Leading into "Walking the Long Miles Home": "I'm one of the last people in the industrialized world to grow up in a noncar environment. This one has a ripping chorus. Have I got you in the mood for a walking song?---not marching! Don't mention the war!" It was clearly a tag reference; someone in the audience shouted "Fawlty Towers." But RT mentioned "the James Last show" (?) with "Fritz von Krugelheim and his fantastic aging dancers doing flabby steps---in their minds the audience would be marching to it. Look out, Poland!" (this last followed by a goosestep, a la John Cleese!). I've probably garbled this show reference---I'd appreciate any enlightenment from the UK.

PZ did a nice pennywhistle solo on WTLMH, and Danny got two great solo spots on other songs. The band seemed to be enjoying themselves enormously at the Birchmere. Danny took a snapshot of the crowd during the final number. At the very end, RT on his knee waved a white towel to direct the exuberant standing ovation to incredible drummer Mike Jerome, and moved on to PZ and DT. Then, on his feet, when RT got to Teddy, son signaled that father should likewise kneel before him, which RT good-humoredly did.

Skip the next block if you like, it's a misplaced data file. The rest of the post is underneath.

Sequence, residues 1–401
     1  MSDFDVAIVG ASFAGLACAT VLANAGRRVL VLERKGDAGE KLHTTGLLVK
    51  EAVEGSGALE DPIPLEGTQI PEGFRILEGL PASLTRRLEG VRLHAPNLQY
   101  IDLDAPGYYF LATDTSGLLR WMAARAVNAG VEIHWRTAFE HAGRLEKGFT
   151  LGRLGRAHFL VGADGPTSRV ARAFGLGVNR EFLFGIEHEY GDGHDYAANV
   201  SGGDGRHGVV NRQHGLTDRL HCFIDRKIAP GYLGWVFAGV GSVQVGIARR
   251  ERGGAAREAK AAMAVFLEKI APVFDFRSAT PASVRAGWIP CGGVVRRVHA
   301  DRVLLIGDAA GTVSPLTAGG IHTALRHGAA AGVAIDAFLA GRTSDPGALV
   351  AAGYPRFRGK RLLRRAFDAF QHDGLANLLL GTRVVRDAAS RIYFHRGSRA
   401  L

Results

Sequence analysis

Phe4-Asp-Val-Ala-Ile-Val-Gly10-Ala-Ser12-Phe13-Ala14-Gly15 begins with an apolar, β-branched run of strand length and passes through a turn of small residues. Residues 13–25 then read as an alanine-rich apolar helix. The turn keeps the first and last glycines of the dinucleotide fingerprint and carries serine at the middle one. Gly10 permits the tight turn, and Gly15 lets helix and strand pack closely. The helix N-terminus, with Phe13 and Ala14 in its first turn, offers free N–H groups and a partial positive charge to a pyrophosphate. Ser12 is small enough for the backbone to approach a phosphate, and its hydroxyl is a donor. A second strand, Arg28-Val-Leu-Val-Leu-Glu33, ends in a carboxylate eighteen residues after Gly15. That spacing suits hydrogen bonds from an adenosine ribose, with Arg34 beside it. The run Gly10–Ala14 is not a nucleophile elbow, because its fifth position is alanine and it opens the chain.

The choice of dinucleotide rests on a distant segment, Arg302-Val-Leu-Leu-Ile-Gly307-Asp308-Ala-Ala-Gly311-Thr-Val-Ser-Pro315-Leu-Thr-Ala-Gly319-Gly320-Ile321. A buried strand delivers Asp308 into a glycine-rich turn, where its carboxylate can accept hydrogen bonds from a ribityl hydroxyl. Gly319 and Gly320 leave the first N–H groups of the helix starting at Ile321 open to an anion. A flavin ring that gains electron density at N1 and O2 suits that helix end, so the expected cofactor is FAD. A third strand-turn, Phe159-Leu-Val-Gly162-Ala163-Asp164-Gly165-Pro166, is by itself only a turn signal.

The entire club seemed to levitate with the solos for "Hard on Me," but there were fierce guitar excursions on such songs as CBUMS and 2FL as well. When RT reaches that transcendent state on electric guitar, you can feel the audience become one intense focused consciousness.

After 30 years of ardent fandom, I finally met the great man in the fan line after the Monday show--he was quite friendly, and even remembered the St. Pancras Town Hall show of 1972. I bought "Celtschmerz" at the gig, got home (thanks again for the lift, Pam) and proceeded to play "Persuasion" about 20 times: total musical addiction, I didn't want to let the concert magic go. But that recorded version is too fast---I have to slow it down in my mind to match the slow, aching, beautiful and clearer version that RT and Teddy do now.

It was great to see all of you in the Thompson "family." RT seems to feel right at home at the Birchmere, and we in the DC area hope that he comes back "home" many, many times (there are already rumors of spring!).

Scott Miller

RT marathon